In itself, the gradual tapering of benefits is welcome, as it rewards those who seek employment, but I hope that this policy is discussed further before being implemented. For example, what will happen to affected persons following the third year of employment, if their job is low-paid? Would it still be worth it to work? And if one does manage to find a job, which, however, is unstable, how would this related to the gradual reduction of benefits?

So policies which intend to make work pay should be coupled with an increased drive to combat precarious employment and guarantee that commitments of unemployed persons (such as caring responsibilities) are not made impossible to carry out due to the conditionality of welfare schemes.

If the Labour government is subscribing to the policy framework that work should pay, an increase in the minimum wage would have actually acted as a strong incentive for unemployed persons to enter the labour market.

Edward Scicluna has also spoken about the need to incentivize third-pillar pensions. A main dilemma of this policy is that those who can invest in such pensions will be rewarded, whilst those who cannot - the majority of workers - remain with an uncertain future as regards their own pension. One should also keep in mind that the third-pillar pension is voluntary, giving us the freedom not to save for our future. Is this freedom a leap in the dark?

If we are to have a sustainable pension system which moves away from great inequalities amongst the elderly, the plain truth is that state investment should increase. It is also evident that such investment needs funding. Whether this is to be achieved through taxation or through compulsory second-pillar pensions - with the State making up for those who cannot afford to pay - has to be seen.

On taxation itself, Malta is moving from progressive income tax to regressive indirect tax coupled with a cash-for-citizenship scheme. Here one has to keep in mind that Malta's 35 per cent maximum income tax rate was one of the lowest in Europe and generated essential revenue for public finance. Besides, progressive income tax is guided by the philosophy of redistribution of wealth, whilst indirect tax tends to hit hardest those on low incomes. Financial, economic and social trends in the coming months will make things clearer on the impact of such fiscal policy.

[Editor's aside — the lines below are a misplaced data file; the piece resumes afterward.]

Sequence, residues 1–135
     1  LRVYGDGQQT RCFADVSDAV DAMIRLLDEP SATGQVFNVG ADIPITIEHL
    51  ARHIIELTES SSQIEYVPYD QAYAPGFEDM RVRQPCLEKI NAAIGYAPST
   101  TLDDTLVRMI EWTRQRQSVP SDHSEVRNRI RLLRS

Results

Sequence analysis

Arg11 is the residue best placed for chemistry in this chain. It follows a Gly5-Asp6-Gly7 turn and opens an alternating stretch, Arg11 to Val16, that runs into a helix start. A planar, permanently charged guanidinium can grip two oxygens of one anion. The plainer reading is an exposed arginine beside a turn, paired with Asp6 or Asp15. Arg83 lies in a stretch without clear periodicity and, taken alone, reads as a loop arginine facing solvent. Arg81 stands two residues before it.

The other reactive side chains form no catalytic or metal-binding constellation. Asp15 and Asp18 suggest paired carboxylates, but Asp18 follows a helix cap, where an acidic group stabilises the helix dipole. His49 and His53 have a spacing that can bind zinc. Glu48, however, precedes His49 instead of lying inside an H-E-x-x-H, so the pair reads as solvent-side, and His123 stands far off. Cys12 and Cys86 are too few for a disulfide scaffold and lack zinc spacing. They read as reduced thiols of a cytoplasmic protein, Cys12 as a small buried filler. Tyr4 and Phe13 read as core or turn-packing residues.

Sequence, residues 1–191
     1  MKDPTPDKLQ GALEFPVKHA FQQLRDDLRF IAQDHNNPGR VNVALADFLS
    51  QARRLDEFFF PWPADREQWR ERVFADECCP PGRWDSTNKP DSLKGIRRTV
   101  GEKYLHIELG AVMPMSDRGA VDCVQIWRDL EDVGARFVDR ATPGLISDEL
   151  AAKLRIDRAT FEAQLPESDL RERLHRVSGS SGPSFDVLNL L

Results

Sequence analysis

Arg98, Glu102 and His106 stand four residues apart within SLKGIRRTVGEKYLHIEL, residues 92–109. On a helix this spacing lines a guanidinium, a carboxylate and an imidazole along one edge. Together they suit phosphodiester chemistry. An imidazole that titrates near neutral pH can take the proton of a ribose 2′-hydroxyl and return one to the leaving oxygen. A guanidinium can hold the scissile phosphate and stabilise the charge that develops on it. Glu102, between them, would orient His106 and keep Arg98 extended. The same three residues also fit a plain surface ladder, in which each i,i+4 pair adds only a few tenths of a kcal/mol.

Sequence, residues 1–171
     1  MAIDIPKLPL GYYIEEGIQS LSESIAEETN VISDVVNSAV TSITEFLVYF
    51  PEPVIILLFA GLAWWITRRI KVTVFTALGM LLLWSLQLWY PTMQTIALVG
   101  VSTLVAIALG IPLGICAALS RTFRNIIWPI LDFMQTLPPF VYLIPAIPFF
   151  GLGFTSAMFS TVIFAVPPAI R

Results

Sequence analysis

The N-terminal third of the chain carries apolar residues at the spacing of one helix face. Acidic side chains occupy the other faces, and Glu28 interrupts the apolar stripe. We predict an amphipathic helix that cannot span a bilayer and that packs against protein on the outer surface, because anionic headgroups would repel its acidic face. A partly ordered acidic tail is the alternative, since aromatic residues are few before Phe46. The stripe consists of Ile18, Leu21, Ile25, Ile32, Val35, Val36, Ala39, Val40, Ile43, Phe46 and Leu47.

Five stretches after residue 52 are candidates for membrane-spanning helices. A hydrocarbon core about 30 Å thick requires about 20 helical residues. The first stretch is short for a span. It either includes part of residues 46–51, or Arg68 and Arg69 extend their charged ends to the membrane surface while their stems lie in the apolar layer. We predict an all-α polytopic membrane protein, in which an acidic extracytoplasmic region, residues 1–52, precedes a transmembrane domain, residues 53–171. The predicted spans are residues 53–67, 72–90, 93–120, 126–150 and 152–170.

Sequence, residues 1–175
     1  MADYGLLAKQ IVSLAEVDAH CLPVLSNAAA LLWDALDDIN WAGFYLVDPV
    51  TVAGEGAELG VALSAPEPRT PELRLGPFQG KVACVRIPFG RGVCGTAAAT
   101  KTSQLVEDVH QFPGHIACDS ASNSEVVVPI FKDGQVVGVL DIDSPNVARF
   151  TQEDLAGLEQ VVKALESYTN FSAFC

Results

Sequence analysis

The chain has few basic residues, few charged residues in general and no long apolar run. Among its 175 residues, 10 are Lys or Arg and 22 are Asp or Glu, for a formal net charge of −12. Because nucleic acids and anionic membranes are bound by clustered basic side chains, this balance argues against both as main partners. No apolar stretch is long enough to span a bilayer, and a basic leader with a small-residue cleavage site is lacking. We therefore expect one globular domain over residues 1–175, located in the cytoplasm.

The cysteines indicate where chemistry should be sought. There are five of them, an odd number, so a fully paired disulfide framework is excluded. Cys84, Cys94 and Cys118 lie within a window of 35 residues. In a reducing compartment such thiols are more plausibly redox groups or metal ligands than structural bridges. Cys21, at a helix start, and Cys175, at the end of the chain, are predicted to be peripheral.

As regards other sectors, the budget has various measures which will probably pay off economically and politically, even though I still fail to see why, for example, the disability pension remains so low. As regards the environment, the budget does refer to renewable energy and water, but not enough is being proposed.

The more we postpone prioritization of such environmental issues, the more we will have to pay in the future to make up for energy dependency and water shortage. Perhaps it is time to extend MCESD membership so as to include Environmental NGOs. Not that their participation in MEPA is making so much of a difference, though.

This blog also appeared in Malta Today, 5th November 2013

Wednesday, October 30, 2013

Some budgetary priorities for 2014